Bill Would Ban IRS From Creating Free Electronic Tax Filing System
STEVE INSKEEP, HOST:
It's April 15, which means you have to file your taxes before midnight if you've not already done so. If you want to file online, you typically have to go through a private company like H&R Block or Intuit, the makers of TurboTax.
Why do you have to use them? Well, an agreement with the IRS and private tax prep companies prevents Americans from filing directly online with the IRS. And that rule could become permanent. Lawmakers on both sides of the aisle are trying to pass the so-called Taxpayer First Act, which would permanently bar the IRS from creating a free electronic tax filing system.
Rachel Martin talked with ProPublica reporter Justin Elliott about why this bill is needed.
JUSTIN ELLIOTT: One of the things this bill does is it codifies an existing agreement between the IRS and the private tax prep industry - so companies like the maker of TurboTax. And one of the things that agreement says is that the IRS will never create essentially its own version of TurboTax. So the IRS won't essentially compete with the industry. So what that means is that many Americans will have to continue paying, you know, $50 or $60 to use TurboTax or H&R Block instead of having essentially, like, a government option to file their taxes.
RACHEL MARTIN, BYLINE: So this has gotten bipartisan agreement, huh?
ELLIOTT: Yeah. I mean, it's a longstanding program, and it's also something that the industry has been lobbying for for a long time. And so H&R Block and Intuit had been pushing for this for years. And you know, they do offer a free option if you make below a certain income threshold. But very few people end up actually finding that, and a lot of people end up using the paid version.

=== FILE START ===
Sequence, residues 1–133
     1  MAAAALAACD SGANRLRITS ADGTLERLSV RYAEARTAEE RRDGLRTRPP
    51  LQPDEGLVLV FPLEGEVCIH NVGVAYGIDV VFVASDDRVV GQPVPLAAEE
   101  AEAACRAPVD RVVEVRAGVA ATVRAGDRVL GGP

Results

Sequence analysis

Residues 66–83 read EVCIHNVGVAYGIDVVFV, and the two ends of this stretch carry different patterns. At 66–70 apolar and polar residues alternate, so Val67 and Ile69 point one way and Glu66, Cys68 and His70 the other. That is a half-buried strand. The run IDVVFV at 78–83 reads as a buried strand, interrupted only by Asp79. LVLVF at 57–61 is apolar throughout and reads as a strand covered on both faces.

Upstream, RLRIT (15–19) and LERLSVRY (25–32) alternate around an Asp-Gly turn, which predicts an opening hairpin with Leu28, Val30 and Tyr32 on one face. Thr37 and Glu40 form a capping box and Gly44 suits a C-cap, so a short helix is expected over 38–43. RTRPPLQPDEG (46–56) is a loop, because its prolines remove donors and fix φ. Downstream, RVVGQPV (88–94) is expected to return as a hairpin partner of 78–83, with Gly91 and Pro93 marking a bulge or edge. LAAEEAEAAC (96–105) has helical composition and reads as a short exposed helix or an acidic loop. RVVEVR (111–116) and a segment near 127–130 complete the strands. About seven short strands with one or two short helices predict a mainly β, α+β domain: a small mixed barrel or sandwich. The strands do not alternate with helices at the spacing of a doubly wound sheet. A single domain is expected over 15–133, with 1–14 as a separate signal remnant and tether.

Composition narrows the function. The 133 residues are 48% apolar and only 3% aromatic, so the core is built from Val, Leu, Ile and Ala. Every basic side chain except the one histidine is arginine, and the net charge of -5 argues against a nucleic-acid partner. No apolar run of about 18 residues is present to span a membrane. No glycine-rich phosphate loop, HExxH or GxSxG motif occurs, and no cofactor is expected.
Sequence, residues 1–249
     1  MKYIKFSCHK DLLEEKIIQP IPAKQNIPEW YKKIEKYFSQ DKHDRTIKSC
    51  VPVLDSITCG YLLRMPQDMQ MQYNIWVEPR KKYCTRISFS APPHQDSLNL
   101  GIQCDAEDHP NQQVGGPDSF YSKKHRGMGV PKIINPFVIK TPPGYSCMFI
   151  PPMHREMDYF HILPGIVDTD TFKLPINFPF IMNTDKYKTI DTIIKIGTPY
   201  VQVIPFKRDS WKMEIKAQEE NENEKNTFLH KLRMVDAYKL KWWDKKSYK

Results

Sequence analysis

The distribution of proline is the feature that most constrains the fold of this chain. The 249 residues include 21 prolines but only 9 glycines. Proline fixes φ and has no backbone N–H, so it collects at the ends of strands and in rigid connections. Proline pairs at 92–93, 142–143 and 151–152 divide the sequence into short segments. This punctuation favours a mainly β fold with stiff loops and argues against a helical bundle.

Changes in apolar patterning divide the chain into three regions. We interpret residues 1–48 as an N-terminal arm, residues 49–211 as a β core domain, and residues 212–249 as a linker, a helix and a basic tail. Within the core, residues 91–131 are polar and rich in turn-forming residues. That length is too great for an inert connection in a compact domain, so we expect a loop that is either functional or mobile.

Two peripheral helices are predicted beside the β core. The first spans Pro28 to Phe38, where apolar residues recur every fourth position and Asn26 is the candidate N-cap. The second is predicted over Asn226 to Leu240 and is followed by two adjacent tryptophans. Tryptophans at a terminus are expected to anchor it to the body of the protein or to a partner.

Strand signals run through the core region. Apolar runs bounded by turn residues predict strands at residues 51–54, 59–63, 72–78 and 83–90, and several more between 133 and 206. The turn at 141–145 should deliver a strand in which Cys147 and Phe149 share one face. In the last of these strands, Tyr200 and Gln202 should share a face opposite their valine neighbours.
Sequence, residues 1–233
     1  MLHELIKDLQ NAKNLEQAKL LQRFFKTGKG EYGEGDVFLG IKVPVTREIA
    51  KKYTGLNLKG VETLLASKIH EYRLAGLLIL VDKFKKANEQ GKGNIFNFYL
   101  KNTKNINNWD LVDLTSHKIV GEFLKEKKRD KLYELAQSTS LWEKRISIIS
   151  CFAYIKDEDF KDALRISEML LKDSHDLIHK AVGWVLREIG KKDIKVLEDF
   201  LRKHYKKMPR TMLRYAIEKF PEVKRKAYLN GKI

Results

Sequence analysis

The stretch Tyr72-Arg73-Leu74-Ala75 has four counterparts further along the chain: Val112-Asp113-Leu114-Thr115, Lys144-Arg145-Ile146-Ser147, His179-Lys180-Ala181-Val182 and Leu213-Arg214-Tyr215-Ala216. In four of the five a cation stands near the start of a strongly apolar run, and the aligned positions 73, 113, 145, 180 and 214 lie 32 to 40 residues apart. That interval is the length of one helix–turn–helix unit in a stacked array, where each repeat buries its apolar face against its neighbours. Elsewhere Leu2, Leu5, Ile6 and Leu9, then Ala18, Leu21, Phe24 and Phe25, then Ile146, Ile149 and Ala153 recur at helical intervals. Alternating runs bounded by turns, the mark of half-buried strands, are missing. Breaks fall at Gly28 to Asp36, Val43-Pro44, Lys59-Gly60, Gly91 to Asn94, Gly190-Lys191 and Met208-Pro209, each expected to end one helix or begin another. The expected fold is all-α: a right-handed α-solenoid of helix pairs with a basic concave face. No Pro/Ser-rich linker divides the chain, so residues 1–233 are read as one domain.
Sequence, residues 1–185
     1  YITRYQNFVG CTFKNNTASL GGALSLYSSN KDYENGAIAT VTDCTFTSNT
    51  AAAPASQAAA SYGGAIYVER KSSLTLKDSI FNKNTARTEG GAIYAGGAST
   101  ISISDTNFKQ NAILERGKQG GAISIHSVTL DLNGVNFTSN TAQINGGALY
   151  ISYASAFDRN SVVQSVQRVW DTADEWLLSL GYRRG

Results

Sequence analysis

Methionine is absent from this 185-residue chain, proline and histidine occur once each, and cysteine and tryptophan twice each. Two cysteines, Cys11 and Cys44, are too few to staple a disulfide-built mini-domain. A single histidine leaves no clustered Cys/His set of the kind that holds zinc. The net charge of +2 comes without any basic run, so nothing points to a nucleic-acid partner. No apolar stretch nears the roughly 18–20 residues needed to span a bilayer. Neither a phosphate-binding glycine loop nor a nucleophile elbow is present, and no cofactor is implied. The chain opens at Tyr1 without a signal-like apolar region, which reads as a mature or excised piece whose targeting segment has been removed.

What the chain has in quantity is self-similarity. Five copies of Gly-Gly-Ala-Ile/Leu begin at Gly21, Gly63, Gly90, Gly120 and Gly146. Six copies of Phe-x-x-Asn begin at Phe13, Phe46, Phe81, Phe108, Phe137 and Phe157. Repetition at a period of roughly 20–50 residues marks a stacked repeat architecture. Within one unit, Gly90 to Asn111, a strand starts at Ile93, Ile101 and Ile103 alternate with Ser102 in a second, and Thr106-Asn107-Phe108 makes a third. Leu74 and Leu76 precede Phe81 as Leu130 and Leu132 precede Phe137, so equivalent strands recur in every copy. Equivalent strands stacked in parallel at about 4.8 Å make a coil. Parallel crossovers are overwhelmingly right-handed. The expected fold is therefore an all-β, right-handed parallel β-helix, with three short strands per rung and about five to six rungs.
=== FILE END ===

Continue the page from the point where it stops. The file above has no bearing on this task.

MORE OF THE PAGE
So essentially, this bill would continue this deal between the IRS and the industry, under which the industry offers this free option but the IRS agrees to never create its own version of these, you know, tax prep services.
MARTIN: So essentially, that means Americans have fewer choices.
ELLIOTT: Yeah, exactly. And you know, one of the remarkable things that happened is after we wrote about this, people from other countries were sending tweets to me on Twitter saying that in Germany and Finland and other places, doing their taxes took, like, five minutes because the government actually provides their forms pre-filled out because the tax agency already has their salary data.
MARTIN: So is it safe to assume that there was just a lot of lobbying on the part of companies that get paid when consumers come in and say - these are too complicated for me to do. Can you do them?
ELLIOTT: Yeah. I mean, just H&R Block and Intuit - those are the two biggest - together, they spent over $6 million dollars lobbying on issues, including this one, last year - had been pushing for this to make it into law for many years now. And the current bill contains a lot of other provisions, including some that are supported by consumer advocates. And I think that's one of the reasons it's now getting bipartisan support and might make it into law.
MARTIN: But consumer advocates do support this?
ELLIOTT: Consumer advocates oppose this provision. But there's other totally unrelated provisions in the bill that, you know, speak to the IRS' debt collection practices, for example, that consumer advocates have supported. So, you know, that's one of the reasons, I'm told, that this bill is getting bipartisan support in Congress.
MARTIN: Justin Elliott with ProPublica, we appreciate it. Thanks, Justin.
ELLIOTT: Thanks a lot.
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